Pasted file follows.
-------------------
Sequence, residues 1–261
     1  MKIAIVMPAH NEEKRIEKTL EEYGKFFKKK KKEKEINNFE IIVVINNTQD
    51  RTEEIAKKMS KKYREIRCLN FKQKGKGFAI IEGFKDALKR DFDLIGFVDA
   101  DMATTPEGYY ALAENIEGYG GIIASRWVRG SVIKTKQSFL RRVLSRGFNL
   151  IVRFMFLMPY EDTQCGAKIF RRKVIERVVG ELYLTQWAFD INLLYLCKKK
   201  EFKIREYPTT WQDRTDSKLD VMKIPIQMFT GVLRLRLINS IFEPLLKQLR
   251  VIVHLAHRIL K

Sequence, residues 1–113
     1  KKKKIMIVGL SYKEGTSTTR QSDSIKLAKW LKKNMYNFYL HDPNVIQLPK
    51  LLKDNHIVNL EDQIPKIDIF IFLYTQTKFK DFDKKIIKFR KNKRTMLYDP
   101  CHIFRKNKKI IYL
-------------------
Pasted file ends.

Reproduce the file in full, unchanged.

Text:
Sequence, residues 1–261
     1  MKIAIVMPAH NEEKRIEKTL EEYGKFFKKK KKEKEINNFE IIVVINNTQD
    51  RTEEIAKKMS KKYREIRCLN FKQKGKGFAI IEGFKDALKR DFDLIGFVDA
   101  DMATTPEGYY ALAENIEGYG GIIASRWVRG SVIKTKQSFL RRVLSRGFNL
   151  IVRFMFLMPY EDTQCGAKIF RRKVIERVVG ELYLTQWAFD INLLYLCKKK
   201  EFKIREYPTT WQDRTDSKLD VMKIPIQMFT GVLRLRLINS IFEPLLKQLR
   251  VIVHLAHRIL K

Sequence, residues 1–113
     1  KKKKIMIVGL SYKEGTSTTR QSDSIKLAKW LKKNMYNFYL HDPNVIQLPK
    51  LLKDNHIVNL EDQIPKIDIF IFLYTQTKFK DFDKKIIKFR KNKRTMLYDP
   101  CHIFRKNKKI IYL